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Arch Dis Child. 2017 Feb;102(2):179-186. doi: 10.1136/archdischild-2015-309770. Epub 2016 Aug 16.

Modifying the infant's diet to prevent food allergy.

Author information

1
Clinical and Experimental Sciences and Human Development in Health Academic Unit, Faculty of Medicine, University of Southampton, Southampton, UK.
2
Guy's and St Thomas' NHS Foundation Trust, London, UK.
3
Vitamin D Research Group, School of Food and Nutritional Science, University College Cork, Cork, Ireland.
4
The Irish Centre for Fetal and Neonatal Translational Research, University College Cork, Cork, Ireland.
5
INRA_UIAA, Gif sur Yvette, France.
6
TNO, Zeist, The Netherlands.
7
Charite-Universitatsmedizin Berlin, Department of Paediatric Pneumology & Immunology, Berlin, Germany.
8
Department of Allergy and Immunology, Children's Hospital Westmead, Sydney University, Sydney, New South Wales, Australia.
9
Respiratory Epidemiology, Occupational Medicine and Public Health Group, National Heart and Lung Institute, Imperial College, London, UK.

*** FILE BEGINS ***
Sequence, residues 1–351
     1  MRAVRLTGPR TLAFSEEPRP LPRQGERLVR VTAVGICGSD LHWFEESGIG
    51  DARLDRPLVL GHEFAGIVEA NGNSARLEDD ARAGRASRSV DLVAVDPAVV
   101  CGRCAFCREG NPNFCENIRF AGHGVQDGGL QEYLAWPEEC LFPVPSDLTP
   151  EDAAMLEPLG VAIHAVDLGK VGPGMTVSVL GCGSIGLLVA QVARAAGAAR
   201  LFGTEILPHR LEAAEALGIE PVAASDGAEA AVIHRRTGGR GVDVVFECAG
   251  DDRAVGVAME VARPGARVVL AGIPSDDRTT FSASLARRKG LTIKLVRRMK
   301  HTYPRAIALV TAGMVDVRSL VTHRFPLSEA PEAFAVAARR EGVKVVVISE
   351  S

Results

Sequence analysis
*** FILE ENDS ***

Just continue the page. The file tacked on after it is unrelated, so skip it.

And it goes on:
10
Charite-Universitatsmedizin Berlin, Institute for Social Medicine, Epidemiology and Health Economics, Berlin, Germany.
11
King's College London, MRC and Asthma UK Centre in Allergic Mechanisms of Asthma, Division of Asthma, Allergy and Lung Biology, UK.
12
Institute of Inflammation and Repair, Manchester Academic Health Science Centre, Manchester Institute of Biotechnology, The University of Manchester, Manchester, UK.
13
INRA AgroParisTech, Gif sur Yvette, Paris, France.
14
NIHR Southampton Respiratory Biomedical Research Unit, University Hospital Southampton NHS Foundation Trust, Southampton, UK.

Abstract

Recommendations and guidelines on the prevention of food allergy have changed in recent decades. The aim of this review of the current evidence and ongoing studies is to provide a comprehensive and up to date picture of prevention of food allergy for healthcare professionals. The review was undertaken as part of the European Union funded Integrated Approaches to Food Allergy and Allergen Management (iFAAM) study. This is a wide ranging project bringing together expertise across the breadth of food allergy research. Specifically, the review discusses dietary manipulation in food allergy prevention, and covers the possible preventive strategies of allergen avoidance, early allergen introduction, general nutrition and supplements, as well as other strategies, such as prebiotics and probiotics. The review concludes that despite agreement that allergen avoidance strategies should not be undertaken for allergy prevention, there is currently no consensus regarding what actions should be recommended beyond exclusive breastfeeding for the first 4-6 months of life. Recent and upcoming trial results, which are detailed in this review, should help inform the debate and add clarity to the topic.

KEYWORDS:

Allergy; Infant Feeding; Nutrition; prevention

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